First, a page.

Though the shelves lined with dog-eared novels are long gone, fans of Hyde Park Books will find a memento to the used book store in the new coffee shop that occupies 1507 N. 13th St. Hyde Perk repurposed those shelves and used them to cover the walls of the light and airy cafe.
"It was a six-month renovation," said co-owner Crystal Clark. "It was a lot of work, construction-wise, to get it torn down and put back together."
Hyde Perk quietly opened its doors on Dec. 10. The space features large front windows that let in streams of light, along with tables topped with repurposed wood. There's also a large black-and-white mural of 13th Street by local artist Sarah Terrell and framed chalkboards for kids to doodle on.
"I just really want a comfy, welcoming environment; cozy for everybody," said Clark. "I don't care if it's moms with kids—I have a kids' corner—or if it's people studying in college, I just want everybody to be welcome."
Clark owns the shop with her brother, Levi Jones, and father, Scott Jones. A longtime barista, Clark relocated to Boise from Spokane, Wash., to open the coffee shop. Hyde Perk uses beans from Spokane roaster Waverly's Coffee and makes an assortment of classic drinks—like lattes, mochas and Americano's—on its La Marzocco espresso machine.
Besides coffee, the cafe also offers pastries and snacks from local artisans, including fresh-baked Heritage scones, Blue Feather Bakery hand-pies in flavors like lemon curd and mixed berry, Sweet Valley cookies and gluten-free treats from Amaru Confections.
Hyde Perk is open 5:30 a.m.-8 p.m., Monday through Friday; 6 a.m.-7 p.m., Saturday; and 7 a.m.-6 p.m., Sunday.
In other coffee news, BoDo will soon be home to a new multi-roaster coffeeshop, Slow by Slow Coffee Bar, which plans to open Monday, Jan. 23 at 403 S. Eighth St., next to Fresh Off the Hook.
"I worked at Flying M Coffeegarage for nine years; I was their roaster," said Joe Shafer, who co-owns the shop with his wife, Diana. "It's going to be more of what you would see in a big city with pour-overs; we have a high-end espresso machine—a Synesso Cyncra with wood accents."
The Shafers, who formerly owned Nampa boutique The White Pine, will source beans from roasters around the country and will also offer Idaho options like Flying M Coffee, Neckar Coffee and Sandpoint's Evans Brothers.
"Our primary roaster is going to be Ritual Roasters from San Francisco, but we're going to have Heart Roasters from Portland, Ore., which is kind of the national standard right now," said Joe. "And Elm Roasters from Seattle, they're up-and-coming. All these guys, they roast in ways we could never even imagine in Boise."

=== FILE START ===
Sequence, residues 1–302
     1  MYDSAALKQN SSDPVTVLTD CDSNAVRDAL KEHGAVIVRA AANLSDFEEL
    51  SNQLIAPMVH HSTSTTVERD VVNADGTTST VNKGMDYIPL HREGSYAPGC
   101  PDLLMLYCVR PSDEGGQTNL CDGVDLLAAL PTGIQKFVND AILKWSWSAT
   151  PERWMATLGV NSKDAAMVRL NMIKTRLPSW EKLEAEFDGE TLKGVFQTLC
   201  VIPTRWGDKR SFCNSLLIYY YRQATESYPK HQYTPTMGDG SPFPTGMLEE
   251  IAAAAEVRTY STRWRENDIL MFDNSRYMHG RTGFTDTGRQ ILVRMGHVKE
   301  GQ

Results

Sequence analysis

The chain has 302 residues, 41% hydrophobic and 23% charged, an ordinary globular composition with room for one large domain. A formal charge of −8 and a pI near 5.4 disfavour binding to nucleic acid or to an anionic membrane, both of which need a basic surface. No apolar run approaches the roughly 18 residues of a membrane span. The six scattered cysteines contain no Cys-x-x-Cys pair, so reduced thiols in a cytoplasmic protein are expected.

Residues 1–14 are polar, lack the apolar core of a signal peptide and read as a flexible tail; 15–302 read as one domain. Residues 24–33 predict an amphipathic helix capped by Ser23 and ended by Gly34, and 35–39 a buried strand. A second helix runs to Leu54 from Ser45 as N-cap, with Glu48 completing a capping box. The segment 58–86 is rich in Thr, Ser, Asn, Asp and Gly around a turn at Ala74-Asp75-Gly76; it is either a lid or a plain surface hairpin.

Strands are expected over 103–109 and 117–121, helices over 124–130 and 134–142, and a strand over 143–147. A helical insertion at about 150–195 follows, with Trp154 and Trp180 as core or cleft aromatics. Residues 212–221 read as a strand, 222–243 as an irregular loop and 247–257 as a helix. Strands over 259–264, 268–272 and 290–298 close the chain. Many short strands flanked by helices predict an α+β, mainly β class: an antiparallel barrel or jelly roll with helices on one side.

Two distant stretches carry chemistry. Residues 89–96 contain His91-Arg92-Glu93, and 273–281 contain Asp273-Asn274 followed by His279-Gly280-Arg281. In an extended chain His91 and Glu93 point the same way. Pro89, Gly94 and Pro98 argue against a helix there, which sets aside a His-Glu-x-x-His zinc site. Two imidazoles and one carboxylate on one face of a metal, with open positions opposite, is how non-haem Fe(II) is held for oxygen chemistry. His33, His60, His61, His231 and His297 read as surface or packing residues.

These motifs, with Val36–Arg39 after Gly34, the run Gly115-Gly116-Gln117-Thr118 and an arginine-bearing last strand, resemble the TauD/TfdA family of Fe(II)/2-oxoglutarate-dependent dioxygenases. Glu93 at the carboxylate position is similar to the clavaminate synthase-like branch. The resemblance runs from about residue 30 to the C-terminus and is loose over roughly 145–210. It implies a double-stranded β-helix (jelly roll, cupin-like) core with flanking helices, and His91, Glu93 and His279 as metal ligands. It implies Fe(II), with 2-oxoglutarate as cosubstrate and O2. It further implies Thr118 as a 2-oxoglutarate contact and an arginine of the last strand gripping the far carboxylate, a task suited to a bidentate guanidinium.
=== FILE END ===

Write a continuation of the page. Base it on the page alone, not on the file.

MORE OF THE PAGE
Patrons can pick which coffee they'd prefer for their pour-overs and espresso drinks. Slow by Slow will also offer some pastries and a cold case filled with a few high-end prepared drinks, like Cuvee's nitro cold brew, but the Shafers plan to focus primarily on coffee.
"We think that that's what limits a lot of people when they're first starting out, and just in general," said Joe. "Coffee people tend to do all this other stuff—like, 'let's do art'—and then the coffee suffers."
Joe says the vibe will be "industrial modern" with brushed steel and "well-cut, clean-looking wood" furniture.
"We have open ceilings and wood floors. ... Our seating is going to be more cafe-style, where there are big tables that you share with everybody instead of a bunch of little tables," he said.
Overall, the Shafers said they want to add some variety to the local coffee market.
"Boise has a very loyalist coffee following—where, 'Oh, I'm a Dawson Taylor person' or, 'I'm a Flying M person.' We want to break that and get people to just enjoy coffee no matter where it's from."
In closing news, Kindness, The Owyhee restaurant known for offering "kicked-up" comfort food classics, closed for dinner Jan. 1. Owners Anna and Michael Tapia plan to continue serving their popular brunch buffet on Saturdays and Sundays through March. After that, the couple will focus completely on their catering business.
"Our catering business has grown so much that I can't really be stretched as thin as I have been," said Chef Anna. "So for me it'll work out a lot better. The restaurant will close; I'll be able to focus on the catering business and the events that we have here at The Owyhee."
According to Anna, the catering business "ended up covering for the shortcomings in the restaurant's income." Moving forward, Kindness will also host parties on the building's penthouse patio.
"It's sad for us to close the restaurant; we really love it," said Anna. "But it's also exciting for us as a family and as a business because we've grown so big in the catering portion of it. So it'll be a good change."
Though no tenant is confirmed to take over the high-ceilinged space, Owyhee General Manager Thomas Felter said they are currently in negotiations.
"We're definitely searching for an additional restaurant user to take the space," said Felter. "We're pretty open to whatever opportunities arise."